And here I do dislike the overall set up. This isn't how I imagined things. The whole thing feels like Jesus is about to play at a big festival. This starts early on with the disciples handing out (hand-made) flyers and nailing up posters. (I've never seen any disciple or any other follower of Jesus telling people to come, or doing anything to help them find this big event. They all just turn up by magic, don't they?)

    When we arrive at the mount itself the first thing we see is Jesus, back to the camera practising (which I like having wondered about it before), but as the scene unfolds it emerges that we are in a huge backstage area. We're shown the crowd arriving occasionally, but their cut off from the disciples and other followers milling about behind this long curtain. Jesus' preparation is interrupted by some discussion about what he will wear – a rather stereotypical way of enabling the woman to contribute. It takes four of them and even them they can't decide among themselves until one delivers the casting vote and a rather awkward-looking blue sash is employed for the occasion.
    All in all though this is the most big-church, evangelical the show has felt yet. It's almost showbiz, certainly there's a sense of hype and anticipation. Eventually Peter comes up to Jesus and tells him it's time (which feels particularly odd). Jesus moves in slow-motion past his followers' grinning encouraging faces, parts the curtain and steps out into the crowd.

    My gut feel, then, is that I like this. It feels commercial and hyped, but it does make me think. You see whether or not I think the Sermon on the Mount was a one off, one of a series of events, or just a literary device to bring a block of his teaching together while comparing him to Moses, I've never really considered that this might have been a big deal for Jesus. I'm very happy with the idea of a human Jesus, but rarely thought about his nerves, his need to prepare, his desire to execute the details well. The possibility that he considered his labouring over the details as important to his success as his miracles.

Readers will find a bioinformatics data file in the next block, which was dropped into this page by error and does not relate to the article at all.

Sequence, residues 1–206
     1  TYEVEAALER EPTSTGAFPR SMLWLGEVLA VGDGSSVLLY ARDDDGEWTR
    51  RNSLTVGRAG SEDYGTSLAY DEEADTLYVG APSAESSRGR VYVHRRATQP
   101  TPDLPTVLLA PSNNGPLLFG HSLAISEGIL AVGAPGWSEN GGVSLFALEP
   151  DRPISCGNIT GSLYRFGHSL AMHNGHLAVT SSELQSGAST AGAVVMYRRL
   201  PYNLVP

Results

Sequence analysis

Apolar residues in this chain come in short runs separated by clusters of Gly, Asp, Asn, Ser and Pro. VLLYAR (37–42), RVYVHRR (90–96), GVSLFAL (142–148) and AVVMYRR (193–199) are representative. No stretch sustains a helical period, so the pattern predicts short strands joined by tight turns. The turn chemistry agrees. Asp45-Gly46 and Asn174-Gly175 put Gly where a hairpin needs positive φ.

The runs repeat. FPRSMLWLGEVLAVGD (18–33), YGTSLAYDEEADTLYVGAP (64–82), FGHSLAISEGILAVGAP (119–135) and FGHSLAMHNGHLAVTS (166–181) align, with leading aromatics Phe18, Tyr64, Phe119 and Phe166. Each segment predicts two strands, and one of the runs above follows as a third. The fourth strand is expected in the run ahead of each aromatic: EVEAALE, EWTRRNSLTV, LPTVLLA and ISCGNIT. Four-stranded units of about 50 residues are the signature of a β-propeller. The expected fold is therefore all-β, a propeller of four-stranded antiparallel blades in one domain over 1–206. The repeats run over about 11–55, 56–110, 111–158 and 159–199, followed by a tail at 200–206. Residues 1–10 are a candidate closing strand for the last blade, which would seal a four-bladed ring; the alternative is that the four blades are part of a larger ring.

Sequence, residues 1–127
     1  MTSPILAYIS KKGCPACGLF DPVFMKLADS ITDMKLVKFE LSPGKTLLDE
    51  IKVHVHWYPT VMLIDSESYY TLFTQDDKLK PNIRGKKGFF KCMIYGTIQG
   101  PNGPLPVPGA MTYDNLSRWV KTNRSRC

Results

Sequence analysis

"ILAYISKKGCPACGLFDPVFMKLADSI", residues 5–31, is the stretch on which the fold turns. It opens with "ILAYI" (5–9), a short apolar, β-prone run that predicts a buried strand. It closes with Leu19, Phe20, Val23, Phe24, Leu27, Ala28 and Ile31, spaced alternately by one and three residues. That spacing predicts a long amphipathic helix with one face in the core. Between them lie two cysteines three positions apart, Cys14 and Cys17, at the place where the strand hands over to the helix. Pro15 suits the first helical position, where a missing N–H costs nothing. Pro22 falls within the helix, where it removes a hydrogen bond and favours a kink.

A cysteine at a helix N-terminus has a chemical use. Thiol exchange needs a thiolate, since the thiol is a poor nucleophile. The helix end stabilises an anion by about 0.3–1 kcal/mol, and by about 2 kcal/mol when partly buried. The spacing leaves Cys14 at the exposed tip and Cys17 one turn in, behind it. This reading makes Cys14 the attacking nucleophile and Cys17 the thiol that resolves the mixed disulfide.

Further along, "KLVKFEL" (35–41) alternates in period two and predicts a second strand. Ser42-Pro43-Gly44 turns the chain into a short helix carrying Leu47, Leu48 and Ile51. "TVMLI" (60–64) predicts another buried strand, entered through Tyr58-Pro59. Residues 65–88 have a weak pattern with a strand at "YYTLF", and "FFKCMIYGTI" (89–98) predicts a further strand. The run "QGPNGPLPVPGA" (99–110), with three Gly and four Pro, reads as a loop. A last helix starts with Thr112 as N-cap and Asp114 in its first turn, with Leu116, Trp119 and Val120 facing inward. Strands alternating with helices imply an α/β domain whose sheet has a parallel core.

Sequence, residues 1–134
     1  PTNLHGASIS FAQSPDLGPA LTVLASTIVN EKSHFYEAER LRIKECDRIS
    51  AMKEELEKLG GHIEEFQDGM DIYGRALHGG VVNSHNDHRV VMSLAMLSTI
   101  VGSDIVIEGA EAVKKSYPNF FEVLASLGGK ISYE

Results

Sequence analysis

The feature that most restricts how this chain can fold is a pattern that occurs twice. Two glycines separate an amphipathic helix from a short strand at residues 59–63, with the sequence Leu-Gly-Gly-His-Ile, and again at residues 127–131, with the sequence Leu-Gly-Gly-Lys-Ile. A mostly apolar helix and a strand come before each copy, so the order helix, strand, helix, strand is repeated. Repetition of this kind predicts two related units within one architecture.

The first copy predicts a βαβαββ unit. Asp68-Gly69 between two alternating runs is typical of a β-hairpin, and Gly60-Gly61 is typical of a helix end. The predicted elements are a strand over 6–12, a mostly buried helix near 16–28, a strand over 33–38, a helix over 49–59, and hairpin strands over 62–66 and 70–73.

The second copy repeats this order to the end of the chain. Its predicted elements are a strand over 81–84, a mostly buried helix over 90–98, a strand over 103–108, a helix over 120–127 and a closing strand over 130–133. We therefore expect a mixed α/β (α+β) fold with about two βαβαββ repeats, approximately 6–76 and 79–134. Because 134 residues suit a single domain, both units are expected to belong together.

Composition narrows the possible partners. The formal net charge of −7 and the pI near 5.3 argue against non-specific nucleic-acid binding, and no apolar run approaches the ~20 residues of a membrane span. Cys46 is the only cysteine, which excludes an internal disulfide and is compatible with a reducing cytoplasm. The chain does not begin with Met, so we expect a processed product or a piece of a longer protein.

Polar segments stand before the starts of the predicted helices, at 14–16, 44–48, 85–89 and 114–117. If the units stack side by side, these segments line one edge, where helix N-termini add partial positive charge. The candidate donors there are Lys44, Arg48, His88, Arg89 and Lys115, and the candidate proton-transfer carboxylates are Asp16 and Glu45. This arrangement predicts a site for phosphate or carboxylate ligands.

Moreover as someone who used to work organising church events, analysing the details, thinking about things from every angle and doing all I can to ensure things are as right as they can be, I'd never thought about the Sermon on the Mount – or any of Jesus' preaching in those terms. For someone whose always been keen to stress Jesus' humanity, I realise I've allowed the religious pattina to remain around how he delivered his teaching. It's not that I favour the Greatest Story Ever Told approach where he stands on a hill everyone remaining completely still as he reads the words out in unexcited fashion. Quite the contrary. I like the more passionate, more ad-libbed portrayals of, say, Dennis Potter's Son of Man (1969). But this relies on a whole assumption that Jesus was the kind of brilliant orator that could deliver a brilliant piece of oratory, just from some half-formed ideas he had in his mind. 
    I realise too that I've previously left the disciples out of the picture. Yes I've thought about the people at the back only hearing "blessed are the cheesemakers", but not thought about those close to Jesus on such a monumental occasion. The glow of being close to something remarkable like this, the desire to want to play a meaningful part.

    I'm still not saying this is how I think these events happened. But they have really made me think about the limitations of my own assumptions and my own blindspots and challenged me about my thinking.

    Series finale

    Just as Jesus steps through the curtain (so close to the camera that the lens distorts his features – the closest The Chosen has come yet to Poor Things) – the camera fades to black and it's the end of not only the episode, but the entire season. It's something the filmmakers seem quite pleased with. Sometime after the release of season 3 they released a video called "The sermon so big it took 2 different seasons to tell it..." showing the end of the second series and the start of season 3.
    Again this is an interesting decision artistically speaking. Season finales tend to fall into one of two camps: cliff-hangers or neat conclusions (though some attempt both). Putting the break moment before the first words of the Sermon on the Mount is certainly an unusual choice for a cliff-hanger – although, I suppose, options are limited given it's an adaptation of 1st century texts. And given the start of the episode, we certainly know what his first words are going to be once Jesus opens his mouth. I don't imagine people binge-watching the programme will delay going to bed on account of it.
    On the other hand, there are clearly a few story lines that are reaching completion here (and a few more would perhaps be more apparent if I'd chosen to review this episode in order) but the tying up of threads from the season in general doesn't seem to be a huge concern.